Many rental property owners are seeing the value of their units rise, warranting rent increases that force decisions by their tenants. And vacancies, Silvenis said, mean a landlord can take their pick of tenants, demanding high rents and credit scores.

But at the same time, many apartment owners also see hikes in their costs, said Alice Enh, executive director of the Washtenaw Area Apartment Association, which represents owners of rental units and property managers.

That’s particularly true for new owners who bought over the last two years and are trying to keep their profits at an industry-standard of about 9 percent amid the property tax recalculation. For example, in Ann Arbor, Ehn said, a new owner may find that the first six months of rental income will be earmarked to cover city taxes. And increasing lending rates will put further pressure on what a landlord charges a tenant.

“There are a lot of factors in the real estate industry that are working against everyone,” Ehn said. 

Many in Michigan already have identified housing affordability as a statewide issue, with Gov. Gretchen Whitmer this month launching what she called Michigan’s first statewide housing plan. Access and affordability are key measures, with the Whitmer administration  estimating that 50 percent of renters pay too large a portion of their income in rent.

Ehn said she and her group’s members join many in the housing industry in saying housing supplies must increase to cut consumer costs. 

“The only way to reduce rents is to build more,” she said. However, she added, “We don’t see where any municipalities are excited about building lots more units.”

In the meantime, while some tenants seriously consider buying a home, others, like O’Casey, are staying put and wondering how high increases will get.

O’Casey remembers an earlier time when she and her husband confronted high rents. They lived in the San Jose, California, area in the early 1990s as real estate started a steep ascent.

They saw a three-bedroom townhouse that they liked, but the price — just over $250,000 — made them pause. They had nothing saved for a down payment, and it felt like too much of a financial stretch.

“But the rent caught up to what we would have paid,” O’Casey said.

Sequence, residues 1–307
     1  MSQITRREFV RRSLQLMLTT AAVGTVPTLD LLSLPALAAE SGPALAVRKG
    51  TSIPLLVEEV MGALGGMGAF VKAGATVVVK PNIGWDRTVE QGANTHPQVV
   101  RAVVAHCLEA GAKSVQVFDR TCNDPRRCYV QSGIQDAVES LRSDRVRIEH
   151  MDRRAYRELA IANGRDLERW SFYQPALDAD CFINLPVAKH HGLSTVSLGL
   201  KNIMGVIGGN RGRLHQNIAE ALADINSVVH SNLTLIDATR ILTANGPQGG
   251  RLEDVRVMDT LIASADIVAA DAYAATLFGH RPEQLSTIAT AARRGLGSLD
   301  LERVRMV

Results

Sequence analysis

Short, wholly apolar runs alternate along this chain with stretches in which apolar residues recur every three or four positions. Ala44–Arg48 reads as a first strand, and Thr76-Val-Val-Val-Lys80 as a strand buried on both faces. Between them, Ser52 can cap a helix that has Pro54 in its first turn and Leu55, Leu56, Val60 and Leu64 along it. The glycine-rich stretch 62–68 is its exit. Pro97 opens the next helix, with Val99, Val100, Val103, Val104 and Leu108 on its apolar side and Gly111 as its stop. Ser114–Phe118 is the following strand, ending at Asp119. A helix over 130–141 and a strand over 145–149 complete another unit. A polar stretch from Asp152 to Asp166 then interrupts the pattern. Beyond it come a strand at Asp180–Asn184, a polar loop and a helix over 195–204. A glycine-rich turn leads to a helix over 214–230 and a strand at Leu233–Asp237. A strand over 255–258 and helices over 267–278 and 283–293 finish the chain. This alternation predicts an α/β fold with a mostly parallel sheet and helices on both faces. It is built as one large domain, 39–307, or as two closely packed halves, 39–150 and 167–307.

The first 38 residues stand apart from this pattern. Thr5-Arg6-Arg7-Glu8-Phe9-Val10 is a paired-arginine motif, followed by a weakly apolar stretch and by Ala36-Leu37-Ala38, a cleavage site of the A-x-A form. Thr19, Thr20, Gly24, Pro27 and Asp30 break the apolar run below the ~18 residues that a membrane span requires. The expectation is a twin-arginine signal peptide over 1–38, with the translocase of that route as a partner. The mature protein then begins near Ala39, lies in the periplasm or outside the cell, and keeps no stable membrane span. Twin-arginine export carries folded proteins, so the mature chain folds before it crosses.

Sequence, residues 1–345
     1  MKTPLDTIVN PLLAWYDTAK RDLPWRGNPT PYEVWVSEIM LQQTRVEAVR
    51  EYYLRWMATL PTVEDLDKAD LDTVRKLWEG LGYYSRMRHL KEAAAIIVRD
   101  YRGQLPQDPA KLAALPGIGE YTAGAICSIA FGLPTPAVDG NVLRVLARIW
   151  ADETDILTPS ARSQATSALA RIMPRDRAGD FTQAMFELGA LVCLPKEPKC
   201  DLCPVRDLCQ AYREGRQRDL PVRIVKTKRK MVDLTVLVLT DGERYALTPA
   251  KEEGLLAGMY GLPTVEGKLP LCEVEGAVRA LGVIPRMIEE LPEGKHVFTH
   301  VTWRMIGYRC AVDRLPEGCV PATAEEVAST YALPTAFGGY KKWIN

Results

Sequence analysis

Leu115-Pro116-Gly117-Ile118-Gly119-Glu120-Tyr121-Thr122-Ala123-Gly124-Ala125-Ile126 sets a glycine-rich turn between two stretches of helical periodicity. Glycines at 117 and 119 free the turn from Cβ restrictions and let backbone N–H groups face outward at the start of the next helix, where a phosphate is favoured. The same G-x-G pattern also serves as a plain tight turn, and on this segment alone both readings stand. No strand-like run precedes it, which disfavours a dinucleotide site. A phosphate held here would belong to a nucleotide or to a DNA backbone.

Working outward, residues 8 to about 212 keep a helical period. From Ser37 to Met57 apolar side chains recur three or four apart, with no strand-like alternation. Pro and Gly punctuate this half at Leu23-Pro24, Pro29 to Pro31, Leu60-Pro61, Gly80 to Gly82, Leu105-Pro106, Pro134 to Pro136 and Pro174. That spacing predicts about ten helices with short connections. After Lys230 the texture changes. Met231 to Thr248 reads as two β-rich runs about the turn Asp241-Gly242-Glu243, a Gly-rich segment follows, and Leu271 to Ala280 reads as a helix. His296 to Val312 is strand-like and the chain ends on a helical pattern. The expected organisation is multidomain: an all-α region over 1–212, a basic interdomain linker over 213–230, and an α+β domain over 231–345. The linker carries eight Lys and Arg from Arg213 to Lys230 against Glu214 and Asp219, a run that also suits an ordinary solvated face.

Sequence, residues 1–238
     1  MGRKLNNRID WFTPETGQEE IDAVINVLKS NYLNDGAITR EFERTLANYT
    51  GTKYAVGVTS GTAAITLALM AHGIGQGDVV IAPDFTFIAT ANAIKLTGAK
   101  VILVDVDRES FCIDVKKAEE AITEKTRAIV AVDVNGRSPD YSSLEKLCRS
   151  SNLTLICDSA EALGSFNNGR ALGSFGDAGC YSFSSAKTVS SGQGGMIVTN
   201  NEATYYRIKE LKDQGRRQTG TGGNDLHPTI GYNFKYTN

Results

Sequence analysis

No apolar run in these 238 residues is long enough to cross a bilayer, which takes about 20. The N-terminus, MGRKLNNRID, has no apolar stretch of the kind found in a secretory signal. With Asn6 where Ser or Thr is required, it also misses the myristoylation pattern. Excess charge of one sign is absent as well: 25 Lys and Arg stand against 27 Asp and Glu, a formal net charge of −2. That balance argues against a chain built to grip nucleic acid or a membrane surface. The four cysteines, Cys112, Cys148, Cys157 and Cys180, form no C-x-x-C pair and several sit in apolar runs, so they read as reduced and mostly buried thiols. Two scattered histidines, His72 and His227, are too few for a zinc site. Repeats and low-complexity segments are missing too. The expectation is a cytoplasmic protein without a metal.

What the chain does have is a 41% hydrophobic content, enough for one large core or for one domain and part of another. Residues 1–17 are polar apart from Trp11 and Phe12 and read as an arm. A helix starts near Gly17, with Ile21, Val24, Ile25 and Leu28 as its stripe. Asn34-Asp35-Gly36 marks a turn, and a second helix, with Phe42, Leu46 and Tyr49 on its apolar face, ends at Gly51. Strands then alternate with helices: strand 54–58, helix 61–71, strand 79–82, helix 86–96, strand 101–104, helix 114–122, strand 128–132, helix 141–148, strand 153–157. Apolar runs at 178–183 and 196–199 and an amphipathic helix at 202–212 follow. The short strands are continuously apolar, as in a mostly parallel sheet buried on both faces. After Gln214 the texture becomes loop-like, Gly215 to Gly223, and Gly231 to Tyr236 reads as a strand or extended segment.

Today, she’s still happy that she’s a lifelong renter, but her budget will be changing. She’s on a fixed income, and plans to use money used for discretionary spending, such as travel, to cover the rent.

She also recognizes that her pension helps her, while many people’s incomes aren’t keeping pace with the housing market. Average weekly wages in Michigan are up 6.45 percent so far this year. And, O’Casey notes, the Social Security cost of living increase was 5.9 percent for 2022.

“I’m not in a situation where I’m going to be hurting because of (the higher rent),” she said. “I will have less money to spend on what I like to do.”

Choosing to buy

Ali Von Au Douglas moved to Ann Arbor eight years ago, and for the past four years has lived in a one- bedroom apartment with a fireplace and private wooded views.

During the pandemic, when she worked from home, it started to feel small. But moving into a two-bedroom apartment would, she said, “unlock” the rate that she said had increased but not at the same rate new tenants pay when they move into the complex.

She checked out other apartment buildings and found “I was going to pay so much money that it wasn't even worth it at that point.”

Instead, she said she is set to close on her first house this week and plans to move in by the end of June.

Staying in the one-bedroom helped her save for a down payment, and now, she said, she can’t wait to move into the Ypsilanti Township ranch with a finished basement that, she said, may only need new paint and some do-it-yourself floor upgrades.

And she’s counting on stable payments for as long as she’s there, with her mortgage rate locked in and property taxes capped at 3-percent increases per year.

Unlike rent, she said, “my mortgage rate won't change … and I get more space, a yard. I’m almost like, why didn’t I think of this sooner?”

According to online affordability calculators, someone paying $1,500 a  month in rent could count on a similar payment for a $200,000 house, bought with a 5 percent down payment.

Using the same rough calculations, a $1,000 monthly payment may be able to cover a $125,000 purchase with 3 percent down. 

Those estimates do not address the “break-even” rate on a home purchase, or the duration that someone would need to own a home to cover initial purchase costs like the mortgage and appraisal.

In addition, those amounts may seem reasonable only in some markets in the state. Across Michigan, the average sales price of a home or condo was $241,729 in March, according to data from the Michigan Association of Realtors.

But the supply of homes in popular areas diminish for lower-priced homes. Grand Rapids had 4 listings at $125,000 or less early this week, and about three dozen at $200,000. At today’s market pace, most may be under contract within weeks.

Also at those low asking prices, buyers can expect to compete with multiple offers and owners can expect the final price to leap above the asking price.

Both Dewease, who bought her house in Grand Rapids last year, and Von Au Douglas said they recognized the more they saved for a down payment, the more flexibility they’d have when it came time to make a winning offer.

Von Au Douglas initially set a target price of $220,000, and deliberately started her search among the houses priced well under that. She and her Realtor, Angela Smith of Keller Williams Terri Lloyd & Co. in Brighton, targeted the Ypsilanti area for options and braced for battle in the tough market. 

Days later, she’d visited three houses; her bid on one of them beat out a cash offer, and she was on her way to home ownership. She still sounds surprised it worked so smoothly for homes within her budget.

“With everything, taxes, all those things included, my mortgage is going to be $100 less than what I pay right now” in rent, Von Au Douglas said. “It's crazy to me that it's like that I'm actually going to be saving money.”

She describes the experience as empowering.

“I guess I don't know if I really thought that I could do this,” she said. “But I am.’